Don’t Make This Deadly Financial Mistake

Dear Money & Crisis Reader,

More than 100,000 people were trapped in New Orleans when Hurricane Katrina slammed into the city.

48 hours prior to the disaster, Mayor Ray Nagin had called for the evacuation of the city.

But on Sunday morning, as the first of the levees began to breach, as much as 20% of the city’s population were still inside.


Like most strange and terrible moments in history, it was an unfortunate mix of coincidence and lack of preparation.

You see, Katrina happened to make landfall on Aug. 29, just three days before the end of the month.

As you may or may not know, that time can be a particularly lean time for folks on government assistance… or even just those who get paid monthly.

So 68% of those left behind had no money in the bank.

And if you didn’t have an emergency fund or a working credit card, you couldn’t buy a bus or plane ticket out of there.

Sure, there were the city buses ferrying people north of the city. But for some reason the evacuation plan didn’t take into account the increased traffic — something that is all but guaranteed in an evacuation scenario.

So the buses sat in gridlock that day. While 100,000 citizens sat in their homes or filed into the Superdome… and waited for the deadliest U.S. hurricane in almost 100 years.

Katrina exposed major failures in America’s disaster preparedness and response systems that day. But it also highlighted just how financially unprepared Americans are for disaster of this scale.

The takeaway?

If you don’t have an emergency fund, you put yourself at serious risk in the event of a disaster.

But when you’re living paycheck to paycheck, how can you possibly save up enough to protect yourself?

No More Excuses

I’m of the opinion that everybody should be able to save money, no matter how much they make.

My colleague Jim Rickards, financial expert and author of Currency Wars, agrees.

Even the poorest person with the tightest budget should save, even if it’s only $10 per week. If you do $10 per week, that’s $500 per year, or $2,500 after five years. 

Throw in some compound interest and you’re looking at $20,000 between the time your children are born and when they finish high school.

That’s on $10 per week (the price of three Big Macs). Increase that number even slightly and the numbers grow exponentially.

I know it can be hard to save when you’re not making much money. Trust me, I’ve been there. But having an emergency fund is the vital first step to becoming financially prepared.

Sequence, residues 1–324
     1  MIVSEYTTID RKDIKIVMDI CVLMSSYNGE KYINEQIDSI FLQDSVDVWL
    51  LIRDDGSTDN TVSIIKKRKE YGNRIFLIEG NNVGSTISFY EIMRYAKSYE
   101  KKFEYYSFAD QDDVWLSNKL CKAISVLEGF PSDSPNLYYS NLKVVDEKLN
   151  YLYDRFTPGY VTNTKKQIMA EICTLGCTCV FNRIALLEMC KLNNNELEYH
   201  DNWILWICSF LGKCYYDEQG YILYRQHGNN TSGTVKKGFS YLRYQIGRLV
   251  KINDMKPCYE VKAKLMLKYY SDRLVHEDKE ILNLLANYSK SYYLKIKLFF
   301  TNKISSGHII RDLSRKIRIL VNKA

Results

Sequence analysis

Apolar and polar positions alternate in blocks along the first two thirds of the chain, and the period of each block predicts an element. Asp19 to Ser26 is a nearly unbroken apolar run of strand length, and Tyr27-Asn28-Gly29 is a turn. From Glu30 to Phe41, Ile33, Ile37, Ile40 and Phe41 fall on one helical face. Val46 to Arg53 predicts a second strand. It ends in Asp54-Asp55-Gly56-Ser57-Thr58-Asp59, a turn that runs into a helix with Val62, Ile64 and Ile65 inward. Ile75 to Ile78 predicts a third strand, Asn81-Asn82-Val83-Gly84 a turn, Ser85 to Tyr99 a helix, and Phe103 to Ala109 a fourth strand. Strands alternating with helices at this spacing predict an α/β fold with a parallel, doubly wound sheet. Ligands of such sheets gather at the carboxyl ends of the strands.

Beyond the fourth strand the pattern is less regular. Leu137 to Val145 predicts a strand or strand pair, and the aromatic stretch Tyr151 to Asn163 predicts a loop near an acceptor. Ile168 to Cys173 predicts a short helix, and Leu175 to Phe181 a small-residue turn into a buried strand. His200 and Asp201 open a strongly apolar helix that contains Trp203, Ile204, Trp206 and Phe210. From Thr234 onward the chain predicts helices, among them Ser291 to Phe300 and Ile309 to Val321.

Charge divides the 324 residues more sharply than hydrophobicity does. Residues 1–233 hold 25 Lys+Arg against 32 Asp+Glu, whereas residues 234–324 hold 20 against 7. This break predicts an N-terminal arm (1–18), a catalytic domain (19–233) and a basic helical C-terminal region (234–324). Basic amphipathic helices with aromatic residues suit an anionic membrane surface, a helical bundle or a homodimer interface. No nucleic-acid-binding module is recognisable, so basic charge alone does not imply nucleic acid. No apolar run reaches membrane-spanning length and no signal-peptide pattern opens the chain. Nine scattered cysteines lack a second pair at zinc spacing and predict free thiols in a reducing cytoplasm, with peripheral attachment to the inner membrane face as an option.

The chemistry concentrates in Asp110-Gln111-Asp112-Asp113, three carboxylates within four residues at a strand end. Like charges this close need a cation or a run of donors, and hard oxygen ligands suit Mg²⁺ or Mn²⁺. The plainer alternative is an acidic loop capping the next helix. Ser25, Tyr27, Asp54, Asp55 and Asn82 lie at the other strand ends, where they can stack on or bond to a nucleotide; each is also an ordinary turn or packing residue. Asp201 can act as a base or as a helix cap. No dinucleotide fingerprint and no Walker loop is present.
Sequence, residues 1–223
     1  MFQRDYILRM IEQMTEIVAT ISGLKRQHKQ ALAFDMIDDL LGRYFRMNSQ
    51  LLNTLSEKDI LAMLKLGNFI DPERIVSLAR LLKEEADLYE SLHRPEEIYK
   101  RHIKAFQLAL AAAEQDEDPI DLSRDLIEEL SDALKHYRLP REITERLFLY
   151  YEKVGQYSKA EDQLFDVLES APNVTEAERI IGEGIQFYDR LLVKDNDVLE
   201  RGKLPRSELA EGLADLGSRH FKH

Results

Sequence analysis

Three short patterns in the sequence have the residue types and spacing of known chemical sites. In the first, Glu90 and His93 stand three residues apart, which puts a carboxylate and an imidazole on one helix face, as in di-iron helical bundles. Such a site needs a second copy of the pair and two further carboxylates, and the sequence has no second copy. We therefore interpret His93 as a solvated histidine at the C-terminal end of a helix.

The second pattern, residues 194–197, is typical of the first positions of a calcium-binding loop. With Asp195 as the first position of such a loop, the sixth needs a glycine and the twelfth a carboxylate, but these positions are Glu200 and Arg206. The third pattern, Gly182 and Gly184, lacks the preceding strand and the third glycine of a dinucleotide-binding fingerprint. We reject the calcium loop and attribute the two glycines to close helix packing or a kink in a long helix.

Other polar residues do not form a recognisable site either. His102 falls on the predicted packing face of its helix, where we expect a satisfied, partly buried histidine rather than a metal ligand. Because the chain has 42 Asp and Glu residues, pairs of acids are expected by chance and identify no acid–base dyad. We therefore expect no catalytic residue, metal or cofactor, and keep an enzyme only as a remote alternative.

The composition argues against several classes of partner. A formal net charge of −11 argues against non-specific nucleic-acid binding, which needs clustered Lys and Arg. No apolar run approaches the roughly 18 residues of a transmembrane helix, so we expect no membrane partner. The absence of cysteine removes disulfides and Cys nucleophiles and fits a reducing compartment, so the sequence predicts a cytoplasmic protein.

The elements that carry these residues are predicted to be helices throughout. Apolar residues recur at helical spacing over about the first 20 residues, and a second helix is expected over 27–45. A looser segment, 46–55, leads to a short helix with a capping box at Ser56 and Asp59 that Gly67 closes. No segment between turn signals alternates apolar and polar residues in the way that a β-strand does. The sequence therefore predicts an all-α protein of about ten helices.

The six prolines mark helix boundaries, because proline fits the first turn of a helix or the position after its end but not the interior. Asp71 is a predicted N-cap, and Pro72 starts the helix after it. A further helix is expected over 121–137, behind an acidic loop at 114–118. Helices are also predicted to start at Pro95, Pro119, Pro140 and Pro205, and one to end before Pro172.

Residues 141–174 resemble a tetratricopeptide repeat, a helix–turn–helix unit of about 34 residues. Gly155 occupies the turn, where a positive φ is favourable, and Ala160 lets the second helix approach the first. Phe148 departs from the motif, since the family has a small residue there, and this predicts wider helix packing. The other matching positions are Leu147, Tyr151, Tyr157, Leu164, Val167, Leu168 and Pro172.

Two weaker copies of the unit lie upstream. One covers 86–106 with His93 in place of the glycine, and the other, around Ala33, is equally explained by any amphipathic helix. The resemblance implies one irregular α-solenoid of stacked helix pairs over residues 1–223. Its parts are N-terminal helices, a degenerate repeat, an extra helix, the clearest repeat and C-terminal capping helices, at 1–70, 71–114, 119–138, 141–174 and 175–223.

Here are some tricks you can use to get the ball rolling and take the sting out of saving for your first emergency fund.

Saving Hack #1: Automate, Automate, Automate

Taking the human factor out of saving is the only foolproof way to save money every month, no matter what.

Simply set up your savings account to have a certain dollar amount deposited automatically every time you get paid. Most employers will be more than happy to set this up for you.

Since the money never hits your checking account, you won’t be tempted to spend it. And you can count on a guaranteed amount of dollars saved every month, which is extremely helpful for sticking to your financial goals.

Put away $100 a month and after a year, you’ll have a $1,200 emergency fund.

Saving Hack #2: Carry Cash

Studies show that you spend less when you use cash because it makes the cost more tangible.

Debit and credit cards are convenient. But the disconnect between the card and the actual cash allows us to spend as much as we want without the usual pang of guilt from seeing cash slip away.

For example, McDonald’s reports that the average credit customer spends $7 a visit, versus just $4.50 for cash.

Saving Hack #3: The Change Jar

Instead of losing your change down the back of the sofa, stick it in a jar and save it for later. It may not seem like much at first, but it builds up over time.

Every evening, I empty my pockets into a jar in the kitchen and have it converted into bills at the end of the year. Last year I pulled down a little over $200, which I added to my emergency fund.

Note: You can convert coins to cash at a coin conversion machine like Coinstar. But be aware that Coinstar will charge an 11.9% fee for the conversion. You can duck this fee by opting to get your money placed on a gift card instead of cash. This won’t help your emergency fund, but if you cash in just before Christmas, you can buy all your gifts using an Amazon gift card.

What about you, reader? Have you any home-brewed tricks for spending less and saving more? If so, I’d love to hear them. You can email me right here.

All the best,

Owen Sullivan

Owen Sullivan
Editor, Money & Crisis

Owen Sullivan

Written By Owen Sullivan

Owen Sullivan isn’t a millionaire or one of the Wall Street elite. He was just one of the many folks who was hit hard when the housing bubble burst… and decided he was never going to let that happen again. Since then, he’s worked with industry experts to develop strategies and techniques to bulletproof his finances — and yours — against the next crisis. His methods don’t require years of financial experience. These are simple strategies that anyone can follow. After all, financial prepping shouldn’t be reserved for a select few.